The Encoding and Retrieval of Prospective Memory Cues

Open Access
Author:
Renko, Abagayle Elizbeth
Area of Honors:
Psychology
Degree:
Bachelor of Science
Document Type:
Thesis
Thesis Supervisors:
  • Richard Alan Carlson, Thesis Supervisor
  • Richard Alan Carlson, Honors Advisor
  • Kenneth Levy, Faculty Reader
Keywords:
  • memory
  • prospective memory
  • cue type
  • cue format
  • encoding
  • retrieval
  • reminder
Abstract:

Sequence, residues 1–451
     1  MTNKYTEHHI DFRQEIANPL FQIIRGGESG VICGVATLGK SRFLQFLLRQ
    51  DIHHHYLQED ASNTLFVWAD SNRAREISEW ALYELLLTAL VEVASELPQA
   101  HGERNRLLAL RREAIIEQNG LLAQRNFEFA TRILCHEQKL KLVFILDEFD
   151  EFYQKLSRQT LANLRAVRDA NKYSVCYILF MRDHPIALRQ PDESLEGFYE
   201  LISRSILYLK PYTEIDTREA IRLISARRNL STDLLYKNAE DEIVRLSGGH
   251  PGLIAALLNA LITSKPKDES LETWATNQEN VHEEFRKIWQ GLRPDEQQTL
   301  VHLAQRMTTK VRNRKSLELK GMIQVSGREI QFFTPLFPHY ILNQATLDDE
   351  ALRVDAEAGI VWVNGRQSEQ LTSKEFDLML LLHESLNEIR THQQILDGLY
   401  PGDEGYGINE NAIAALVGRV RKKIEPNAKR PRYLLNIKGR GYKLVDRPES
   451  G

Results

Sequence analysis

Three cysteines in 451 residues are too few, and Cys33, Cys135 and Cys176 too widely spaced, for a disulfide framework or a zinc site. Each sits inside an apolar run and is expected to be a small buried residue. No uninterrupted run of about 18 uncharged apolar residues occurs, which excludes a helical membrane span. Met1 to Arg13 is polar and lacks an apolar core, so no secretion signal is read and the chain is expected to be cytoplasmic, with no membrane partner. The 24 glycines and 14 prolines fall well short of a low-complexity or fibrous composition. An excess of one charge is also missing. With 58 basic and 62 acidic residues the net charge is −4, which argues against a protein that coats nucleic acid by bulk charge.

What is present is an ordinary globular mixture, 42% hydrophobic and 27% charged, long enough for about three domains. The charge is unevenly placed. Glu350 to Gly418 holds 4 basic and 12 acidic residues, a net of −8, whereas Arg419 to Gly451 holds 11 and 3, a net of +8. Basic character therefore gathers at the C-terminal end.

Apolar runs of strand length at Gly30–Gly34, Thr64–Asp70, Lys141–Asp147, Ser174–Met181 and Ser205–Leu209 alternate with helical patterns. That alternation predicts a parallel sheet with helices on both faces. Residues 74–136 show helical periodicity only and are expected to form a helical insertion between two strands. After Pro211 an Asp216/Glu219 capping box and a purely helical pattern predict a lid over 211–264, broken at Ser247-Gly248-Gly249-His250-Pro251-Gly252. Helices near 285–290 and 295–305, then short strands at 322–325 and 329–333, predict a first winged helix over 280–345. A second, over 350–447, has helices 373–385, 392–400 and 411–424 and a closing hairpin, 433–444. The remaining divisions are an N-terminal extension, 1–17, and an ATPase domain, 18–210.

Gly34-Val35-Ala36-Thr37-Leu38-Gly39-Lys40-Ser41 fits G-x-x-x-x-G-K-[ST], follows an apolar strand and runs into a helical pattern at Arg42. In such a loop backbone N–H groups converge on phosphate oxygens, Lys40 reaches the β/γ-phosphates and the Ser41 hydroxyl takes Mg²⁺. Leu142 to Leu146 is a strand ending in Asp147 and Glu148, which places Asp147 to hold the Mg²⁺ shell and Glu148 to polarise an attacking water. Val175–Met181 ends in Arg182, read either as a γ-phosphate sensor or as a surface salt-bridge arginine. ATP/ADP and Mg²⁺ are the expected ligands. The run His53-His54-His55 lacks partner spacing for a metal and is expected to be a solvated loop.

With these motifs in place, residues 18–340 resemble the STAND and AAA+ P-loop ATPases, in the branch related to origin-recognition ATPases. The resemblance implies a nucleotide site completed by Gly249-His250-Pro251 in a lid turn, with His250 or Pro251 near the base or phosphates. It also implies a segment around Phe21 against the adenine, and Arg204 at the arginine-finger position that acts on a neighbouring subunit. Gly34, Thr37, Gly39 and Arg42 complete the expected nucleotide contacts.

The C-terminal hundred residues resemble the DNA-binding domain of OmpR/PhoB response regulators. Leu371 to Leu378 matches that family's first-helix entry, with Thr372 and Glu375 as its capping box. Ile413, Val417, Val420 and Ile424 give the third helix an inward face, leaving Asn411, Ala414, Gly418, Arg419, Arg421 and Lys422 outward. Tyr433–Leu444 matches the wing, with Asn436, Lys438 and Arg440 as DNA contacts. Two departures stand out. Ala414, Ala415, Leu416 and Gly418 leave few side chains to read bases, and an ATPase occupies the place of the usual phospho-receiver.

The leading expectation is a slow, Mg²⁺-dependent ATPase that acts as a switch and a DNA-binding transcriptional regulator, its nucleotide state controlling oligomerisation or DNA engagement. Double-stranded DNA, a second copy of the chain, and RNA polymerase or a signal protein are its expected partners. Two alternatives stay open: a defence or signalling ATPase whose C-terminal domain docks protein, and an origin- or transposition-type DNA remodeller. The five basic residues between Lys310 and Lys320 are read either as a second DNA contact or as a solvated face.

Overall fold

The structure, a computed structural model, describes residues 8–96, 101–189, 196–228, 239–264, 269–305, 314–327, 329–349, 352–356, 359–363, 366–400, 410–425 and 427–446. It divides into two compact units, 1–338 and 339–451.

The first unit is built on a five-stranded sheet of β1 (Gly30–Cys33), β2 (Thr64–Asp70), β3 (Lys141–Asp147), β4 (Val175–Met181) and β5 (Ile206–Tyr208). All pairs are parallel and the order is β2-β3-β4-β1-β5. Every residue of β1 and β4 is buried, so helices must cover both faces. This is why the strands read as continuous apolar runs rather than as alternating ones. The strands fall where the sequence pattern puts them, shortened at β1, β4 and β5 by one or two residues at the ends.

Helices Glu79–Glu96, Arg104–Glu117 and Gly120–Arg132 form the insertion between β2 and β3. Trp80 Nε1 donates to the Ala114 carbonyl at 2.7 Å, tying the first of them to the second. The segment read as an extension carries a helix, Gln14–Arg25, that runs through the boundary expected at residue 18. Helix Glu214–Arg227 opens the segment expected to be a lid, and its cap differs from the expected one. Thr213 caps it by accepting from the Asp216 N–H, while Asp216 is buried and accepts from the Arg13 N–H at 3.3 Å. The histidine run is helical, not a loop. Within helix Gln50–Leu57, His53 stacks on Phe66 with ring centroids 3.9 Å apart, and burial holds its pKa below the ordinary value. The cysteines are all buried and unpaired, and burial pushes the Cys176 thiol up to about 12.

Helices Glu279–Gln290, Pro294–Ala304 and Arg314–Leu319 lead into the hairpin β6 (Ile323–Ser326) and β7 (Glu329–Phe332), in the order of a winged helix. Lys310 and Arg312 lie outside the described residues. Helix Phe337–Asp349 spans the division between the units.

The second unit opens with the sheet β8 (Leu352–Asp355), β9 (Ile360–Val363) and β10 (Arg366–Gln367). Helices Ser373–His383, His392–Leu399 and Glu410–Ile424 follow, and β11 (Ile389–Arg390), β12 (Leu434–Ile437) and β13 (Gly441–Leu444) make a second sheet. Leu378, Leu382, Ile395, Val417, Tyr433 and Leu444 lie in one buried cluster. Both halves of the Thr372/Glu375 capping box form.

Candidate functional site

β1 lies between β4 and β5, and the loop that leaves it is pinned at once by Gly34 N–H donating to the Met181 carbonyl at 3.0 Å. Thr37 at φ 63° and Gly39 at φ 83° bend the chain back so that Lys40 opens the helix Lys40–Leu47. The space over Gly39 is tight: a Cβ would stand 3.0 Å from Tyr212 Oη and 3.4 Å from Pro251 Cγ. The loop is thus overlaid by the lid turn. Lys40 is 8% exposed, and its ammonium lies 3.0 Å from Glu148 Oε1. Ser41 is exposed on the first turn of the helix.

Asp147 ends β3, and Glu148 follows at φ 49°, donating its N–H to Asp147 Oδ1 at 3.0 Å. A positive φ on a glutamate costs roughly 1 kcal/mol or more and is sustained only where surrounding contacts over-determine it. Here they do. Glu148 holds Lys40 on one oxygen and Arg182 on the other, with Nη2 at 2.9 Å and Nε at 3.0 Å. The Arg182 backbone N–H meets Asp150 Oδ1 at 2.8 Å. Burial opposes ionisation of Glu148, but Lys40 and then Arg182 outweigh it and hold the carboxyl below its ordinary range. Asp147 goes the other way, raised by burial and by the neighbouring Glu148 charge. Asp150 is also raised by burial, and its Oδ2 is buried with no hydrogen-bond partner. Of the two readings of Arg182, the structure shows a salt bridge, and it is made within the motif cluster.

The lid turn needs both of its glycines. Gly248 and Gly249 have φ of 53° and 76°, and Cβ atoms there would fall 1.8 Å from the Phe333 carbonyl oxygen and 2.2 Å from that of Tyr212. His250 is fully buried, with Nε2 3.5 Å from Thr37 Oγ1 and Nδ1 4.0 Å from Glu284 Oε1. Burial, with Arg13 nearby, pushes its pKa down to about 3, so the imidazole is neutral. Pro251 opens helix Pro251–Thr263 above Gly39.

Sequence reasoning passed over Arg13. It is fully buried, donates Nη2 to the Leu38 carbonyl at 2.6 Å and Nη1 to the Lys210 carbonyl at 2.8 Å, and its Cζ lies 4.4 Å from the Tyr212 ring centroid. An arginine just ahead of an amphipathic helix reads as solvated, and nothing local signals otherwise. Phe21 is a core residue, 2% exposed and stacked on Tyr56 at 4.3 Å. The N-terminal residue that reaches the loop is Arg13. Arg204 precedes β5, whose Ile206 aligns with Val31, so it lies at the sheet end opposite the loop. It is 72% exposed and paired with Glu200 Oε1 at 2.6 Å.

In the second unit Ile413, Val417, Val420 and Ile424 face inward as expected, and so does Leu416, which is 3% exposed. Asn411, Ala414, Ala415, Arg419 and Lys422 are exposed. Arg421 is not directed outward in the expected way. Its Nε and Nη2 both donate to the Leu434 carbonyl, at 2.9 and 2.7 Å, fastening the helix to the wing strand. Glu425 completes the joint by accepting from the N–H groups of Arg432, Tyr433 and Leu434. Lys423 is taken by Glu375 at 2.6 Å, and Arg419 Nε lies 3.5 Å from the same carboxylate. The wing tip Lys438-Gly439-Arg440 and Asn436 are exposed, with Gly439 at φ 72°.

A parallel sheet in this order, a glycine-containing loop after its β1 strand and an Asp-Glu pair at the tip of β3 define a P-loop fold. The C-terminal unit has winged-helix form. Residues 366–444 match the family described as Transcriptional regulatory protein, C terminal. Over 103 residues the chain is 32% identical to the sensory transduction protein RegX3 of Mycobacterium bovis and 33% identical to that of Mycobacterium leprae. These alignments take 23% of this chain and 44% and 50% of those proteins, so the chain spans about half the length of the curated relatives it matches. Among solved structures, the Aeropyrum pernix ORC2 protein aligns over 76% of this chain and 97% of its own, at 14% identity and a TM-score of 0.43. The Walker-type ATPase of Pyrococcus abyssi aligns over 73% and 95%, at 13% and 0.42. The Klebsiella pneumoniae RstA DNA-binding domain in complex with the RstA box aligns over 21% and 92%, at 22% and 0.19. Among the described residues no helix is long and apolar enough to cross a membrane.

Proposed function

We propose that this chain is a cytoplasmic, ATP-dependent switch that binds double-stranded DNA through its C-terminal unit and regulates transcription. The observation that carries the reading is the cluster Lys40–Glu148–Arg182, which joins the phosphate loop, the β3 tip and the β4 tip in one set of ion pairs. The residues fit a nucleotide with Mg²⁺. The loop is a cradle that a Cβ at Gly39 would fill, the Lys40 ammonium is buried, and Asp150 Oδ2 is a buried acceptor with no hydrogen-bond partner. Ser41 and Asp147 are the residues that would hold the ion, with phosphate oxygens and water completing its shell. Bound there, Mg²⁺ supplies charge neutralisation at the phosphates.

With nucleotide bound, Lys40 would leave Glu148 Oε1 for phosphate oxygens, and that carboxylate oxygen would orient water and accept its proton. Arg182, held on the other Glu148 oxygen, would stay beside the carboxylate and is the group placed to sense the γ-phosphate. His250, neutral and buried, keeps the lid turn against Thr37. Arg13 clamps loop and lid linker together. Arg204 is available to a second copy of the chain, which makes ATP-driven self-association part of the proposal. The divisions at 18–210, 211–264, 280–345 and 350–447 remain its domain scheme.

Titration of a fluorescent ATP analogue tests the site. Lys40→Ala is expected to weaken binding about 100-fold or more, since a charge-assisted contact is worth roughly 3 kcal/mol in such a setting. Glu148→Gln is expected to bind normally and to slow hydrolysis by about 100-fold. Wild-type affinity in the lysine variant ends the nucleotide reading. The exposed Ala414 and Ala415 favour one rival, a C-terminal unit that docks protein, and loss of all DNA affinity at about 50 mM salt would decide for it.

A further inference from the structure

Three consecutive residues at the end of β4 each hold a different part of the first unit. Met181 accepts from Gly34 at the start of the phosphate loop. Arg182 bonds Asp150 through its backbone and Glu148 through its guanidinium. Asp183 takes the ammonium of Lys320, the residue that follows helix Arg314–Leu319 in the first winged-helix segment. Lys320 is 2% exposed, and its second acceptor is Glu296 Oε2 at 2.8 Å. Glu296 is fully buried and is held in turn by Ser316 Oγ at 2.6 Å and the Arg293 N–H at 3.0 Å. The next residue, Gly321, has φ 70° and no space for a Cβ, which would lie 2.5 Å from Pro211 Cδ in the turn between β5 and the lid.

The purpose of this study was to investigate the effect of prospective memory (PM) cue type and format on the accuracy and response time of participants, as well as to delineate between the encoding and retrieval of cues based on cue format. To investigate this, a computerized task was designed and administered to forty-four college-aged students. Within-subjects effects for the main variables as well as interactions between variables were significant. Cue type was significant for both accuracy and response time; participants were more accurate and had faster response times with item cues than with category cues. Cue format was significant for retrieval accuracy and encoding response time, but not for encoding accuracy or for retrieval response time. The effect of the cue type on participant accuracy differed for retrieval of word and picture cues; accuracy was high for item type regardless of retrieval format, while retrieval of word categorical cues resulted in notably lower accuracy than retrieval of picture categorical cues. Though participants were more accurate overall with item cue types, the degree of their accuracy depended on the cue format and whether that format was the same for encoding and retrieval (a ‘match’) or not (a ‘mismatch’). Participants were more accurate in match situations across all conditions, with a word-word match demonstrating the highest participant accuracy amongst item cues but a picture-picture match demonstrating the highest accuracy amongst category cues. Encoding format was key amongst the mismatches because regardless of cue type, participants were more accurate encoding words than pictures. Similarly, they were more accurate retrieving pictures than words. In conclusion, these results cumulatively suggest that accuracy in completing a prospective memory task is maximized when the cue itself is an item encoded and retrieved in word format.